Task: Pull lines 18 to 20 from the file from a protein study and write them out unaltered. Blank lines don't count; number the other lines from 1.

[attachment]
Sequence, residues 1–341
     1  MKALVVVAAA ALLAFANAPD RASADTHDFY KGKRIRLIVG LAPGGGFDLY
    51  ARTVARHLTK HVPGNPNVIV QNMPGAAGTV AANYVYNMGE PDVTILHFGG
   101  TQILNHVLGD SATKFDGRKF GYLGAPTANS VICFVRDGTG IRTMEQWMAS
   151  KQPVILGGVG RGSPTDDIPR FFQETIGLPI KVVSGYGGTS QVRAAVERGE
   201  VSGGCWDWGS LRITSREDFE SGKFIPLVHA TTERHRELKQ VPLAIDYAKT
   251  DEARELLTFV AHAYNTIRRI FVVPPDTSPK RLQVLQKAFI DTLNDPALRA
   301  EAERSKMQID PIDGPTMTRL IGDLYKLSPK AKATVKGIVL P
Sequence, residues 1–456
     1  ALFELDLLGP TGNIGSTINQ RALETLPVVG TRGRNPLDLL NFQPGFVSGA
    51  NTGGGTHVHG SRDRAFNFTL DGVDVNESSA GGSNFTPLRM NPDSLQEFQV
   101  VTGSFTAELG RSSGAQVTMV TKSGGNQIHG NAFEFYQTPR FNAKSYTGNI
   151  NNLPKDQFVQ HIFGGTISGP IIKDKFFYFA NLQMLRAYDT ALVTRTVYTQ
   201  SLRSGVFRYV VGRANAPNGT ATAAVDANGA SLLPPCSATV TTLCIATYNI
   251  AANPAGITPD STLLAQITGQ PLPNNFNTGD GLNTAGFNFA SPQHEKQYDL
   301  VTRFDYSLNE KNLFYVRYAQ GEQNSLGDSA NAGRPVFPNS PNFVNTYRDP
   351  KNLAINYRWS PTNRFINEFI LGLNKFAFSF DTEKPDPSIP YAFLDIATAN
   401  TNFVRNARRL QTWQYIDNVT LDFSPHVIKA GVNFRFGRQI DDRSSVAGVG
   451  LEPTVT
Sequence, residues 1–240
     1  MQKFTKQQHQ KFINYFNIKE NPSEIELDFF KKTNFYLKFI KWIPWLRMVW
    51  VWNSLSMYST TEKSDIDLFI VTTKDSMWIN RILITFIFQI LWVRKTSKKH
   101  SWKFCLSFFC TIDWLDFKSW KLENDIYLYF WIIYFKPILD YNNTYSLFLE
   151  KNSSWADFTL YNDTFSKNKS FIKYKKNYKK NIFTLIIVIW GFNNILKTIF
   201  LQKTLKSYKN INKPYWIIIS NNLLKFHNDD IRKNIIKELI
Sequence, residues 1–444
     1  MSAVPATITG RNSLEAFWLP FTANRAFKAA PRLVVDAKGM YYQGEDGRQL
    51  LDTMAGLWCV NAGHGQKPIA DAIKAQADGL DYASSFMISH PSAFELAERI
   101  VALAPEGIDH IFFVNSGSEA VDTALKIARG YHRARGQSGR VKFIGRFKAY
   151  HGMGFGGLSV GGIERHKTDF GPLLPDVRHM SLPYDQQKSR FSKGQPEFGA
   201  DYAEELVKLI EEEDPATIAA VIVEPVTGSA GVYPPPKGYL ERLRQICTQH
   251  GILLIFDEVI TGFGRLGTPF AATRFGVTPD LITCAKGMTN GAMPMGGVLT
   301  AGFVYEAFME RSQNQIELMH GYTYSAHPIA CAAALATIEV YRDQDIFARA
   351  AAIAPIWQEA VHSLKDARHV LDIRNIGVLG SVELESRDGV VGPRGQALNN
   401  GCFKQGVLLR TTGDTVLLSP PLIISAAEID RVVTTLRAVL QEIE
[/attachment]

   401  TNFVRNARRL QTWQYIDNVT LDFSPHVIKA GVNFRFGRQI DDRSSVAGVG
   451  LEPTVT
Sequence, residues 1–240